What's So Significant About Oil Prices at $30 per Barrel? The Washington Post provides analysis; here's a clip: "...“The starting point is the oversupply in the world market and the battle for market share among the exporters,” says Daniel Yergin, a longtime energy expert and the vice chairman of IHS. “But the oil price is also being pounded down by the geopolitical rivalry between Saudi Arabia and Iran in the Middle East, and the imminent return of Iranian oil under the nuclear agreement, and at the same time, by the increasingly big worries about the Chinese economy...”
Photo credit above: "
Solar and Wind Comprises 61% of 2015 Capacity Additions, Gas Contributes 35%. Utility Dive has a link to some interesting (and encouraging) trends: "...A combination of wind, solar and natural gas made up the overwhelming majority of new capacity additions last year: Some 96%, according to SNL's data. Coal and oil combined for less than 1%. Those figures are similar to what EIA noted last year: that renewable power made up 70% of new generation in the first half of 2015. But SNL's data appears to show gas additions made up some ground, ultimately consisting of more than a third of additions last year..."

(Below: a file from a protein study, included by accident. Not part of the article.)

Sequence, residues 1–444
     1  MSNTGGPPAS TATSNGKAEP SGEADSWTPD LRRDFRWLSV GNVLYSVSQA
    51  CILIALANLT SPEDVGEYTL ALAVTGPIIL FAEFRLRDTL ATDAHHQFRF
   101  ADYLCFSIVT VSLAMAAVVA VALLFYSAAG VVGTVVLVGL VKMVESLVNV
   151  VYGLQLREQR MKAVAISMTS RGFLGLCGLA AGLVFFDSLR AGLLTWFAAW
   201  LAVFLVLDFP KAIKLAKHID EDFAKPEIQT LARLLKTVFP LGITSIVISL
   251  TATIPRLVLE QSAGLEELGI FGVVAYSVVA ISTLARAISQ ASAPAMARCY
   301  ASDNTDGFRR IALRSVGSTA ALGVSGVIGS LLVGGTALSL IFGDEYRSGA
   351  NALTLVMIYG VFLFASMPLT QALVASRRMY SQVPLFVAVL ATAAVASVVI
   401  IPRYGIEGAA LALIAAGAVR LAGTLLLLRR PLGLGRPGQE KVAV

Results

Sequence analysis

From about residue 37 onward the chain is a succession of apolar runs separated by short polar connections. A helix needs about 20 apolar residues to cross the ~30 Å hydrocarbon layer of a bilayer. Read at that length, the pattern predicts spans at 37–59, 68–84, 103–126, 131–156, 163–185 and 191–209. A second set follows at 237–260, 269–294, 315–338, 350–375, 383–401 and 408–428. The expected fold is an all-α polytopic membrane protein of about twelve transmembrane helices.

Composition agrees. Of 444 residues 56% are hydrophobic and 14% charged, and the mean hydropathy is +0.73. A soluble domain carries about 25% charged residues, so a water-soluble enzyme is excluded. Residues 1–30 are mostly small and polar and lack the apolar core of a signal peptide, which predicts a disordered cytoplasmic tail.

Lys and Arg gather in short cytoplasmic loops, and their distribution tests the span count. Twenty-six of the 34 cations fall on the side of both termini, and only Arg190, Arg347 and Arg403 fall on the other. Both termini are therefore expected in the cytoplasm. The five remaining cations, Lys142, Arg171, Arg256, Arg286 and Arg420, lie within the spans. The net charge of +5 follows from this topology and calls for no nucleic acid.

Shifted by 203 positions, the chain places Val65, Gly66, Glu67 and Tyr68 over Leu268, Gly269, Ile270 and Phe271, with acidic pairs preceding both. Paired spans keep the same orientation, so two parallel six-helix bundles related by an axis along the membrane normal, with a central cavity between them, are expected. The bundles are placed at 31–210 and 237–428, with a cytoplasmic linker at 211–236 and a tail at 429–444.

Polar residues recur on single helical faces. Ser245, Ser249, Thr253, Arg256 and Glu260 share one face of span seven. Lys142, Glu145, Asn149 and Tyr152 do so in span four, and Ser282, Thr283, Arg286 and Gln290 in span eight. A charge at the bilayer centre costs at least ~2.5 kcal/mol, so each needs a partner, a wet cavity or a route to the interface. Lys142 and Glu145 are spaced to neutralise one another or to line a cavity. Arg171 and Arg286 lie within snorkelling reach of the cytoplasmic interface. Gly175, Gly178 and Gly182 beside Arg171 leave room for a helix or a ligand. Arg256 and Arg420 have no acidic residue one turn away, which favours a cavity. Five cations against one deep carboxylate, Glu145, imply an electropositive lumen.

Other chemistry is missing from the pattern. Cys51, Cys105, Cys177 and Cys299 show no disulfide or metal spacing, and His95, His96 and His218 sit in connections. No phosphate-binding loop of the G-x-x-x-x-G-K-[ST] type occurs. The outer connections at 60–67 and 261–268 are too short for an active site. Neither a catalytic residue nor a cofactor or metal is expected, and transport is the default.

Disruptive Change is Coming. Eco-Business has an article with a slightly different take on AI; here's an excerpt: "...A key conclusion: “The age of centralized, command-and-control, extraction-resource-based energy sources (oil, gas, coal and nuclear) will not end because we run out of petroleum, natural gas, coal, or uranium. It will end because these energy sources, the business models they employ, and the products that sustain them will be disrupted by superior technologies, product architectures, and business models.” But there is bad news, too. The fourth book was James Barrat’s , published several years back—arguing that Artificial Intelligence will bring an end to the human era as we are forced to compete with “a rival more cunning, more powerful and more alien than we can imagine...”